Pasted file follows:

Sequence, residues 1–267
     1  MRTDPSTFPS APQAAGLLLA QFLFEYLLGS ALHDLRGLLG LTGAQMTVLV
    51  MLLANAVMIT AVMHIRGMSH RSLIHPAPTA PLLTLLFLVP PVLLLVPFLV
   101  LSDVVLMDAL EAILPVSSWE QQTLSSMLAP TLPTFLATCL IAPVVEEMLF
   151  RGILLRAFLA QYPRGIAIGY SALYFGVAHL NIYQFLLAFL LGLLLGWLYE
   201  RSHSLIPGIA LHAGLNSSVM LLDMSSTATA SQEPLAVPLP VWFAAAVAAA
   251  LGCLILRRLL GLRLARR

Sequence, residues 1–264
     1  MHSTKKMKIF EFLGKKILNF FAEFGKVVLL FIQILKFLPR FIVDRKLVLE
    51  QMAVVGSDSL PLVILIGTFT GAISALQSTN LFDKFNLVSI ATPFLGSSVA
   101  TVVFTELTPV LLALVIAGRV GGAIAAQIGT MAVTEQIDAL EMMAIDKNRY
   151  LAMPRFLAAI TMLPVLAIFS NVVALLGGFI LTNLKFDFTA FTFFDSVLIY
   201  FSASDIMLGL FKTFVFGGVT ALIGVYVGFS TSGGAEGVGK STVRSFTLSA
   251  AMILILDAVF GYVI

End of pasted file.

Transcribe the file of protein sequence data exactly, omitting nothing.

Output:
Sequence, residues 1–267
     1  MRTDPSTFPS APQAAGLLLA QFLFEYLLGS ALHDLRGLLG LTGAQMTVLV
    51  MLLANAVMIT AVMHIRGMSH RSLIHPAPTA PLLTLLFLVP PVLLLVPFLV
   101  LSDVVLMDAL EAILPVSSWE QQTLSSMLAP TLPTFLATCL IAPVVEEMLF
   151  RGILLRAFLA QYPRGIAIGY SALYFGVAHL NIYQFLLAFL LGLLLGWLYE
   201  RSHSLIPGIA LHAGLNSSVM LLDMSSTATA SQEPLAVPLP VWFAAAVAAA
   251  LGCLILRRLL GLRLARR

Sequence, residues 1–264
     1  MHSTKKMKIF EFLGKKILNF FAEFGKVVLL FIQILKFLPR FIVDRKLVLE
    51  QMAVVGSDSL PLVILIGTFT GAISALQSTN LFDKFNLVSI ATPFLGSSVA
   101  TVVFTELTPV LLALVIAGRV GGAIAAQIGT MAVTEQIDAL EMMAIDKNRY
   151  LAMPRFLAAI TMLPVLAIFS NVVALLGGFI LTNLKFDFTA FTFFDSVLIY
   201  FSASDIMLGL FKTFVFGGVT ALIGVYVGFS TSGGAEGVGK STVRSFTLSA
   251  AMILILDAVF GYVI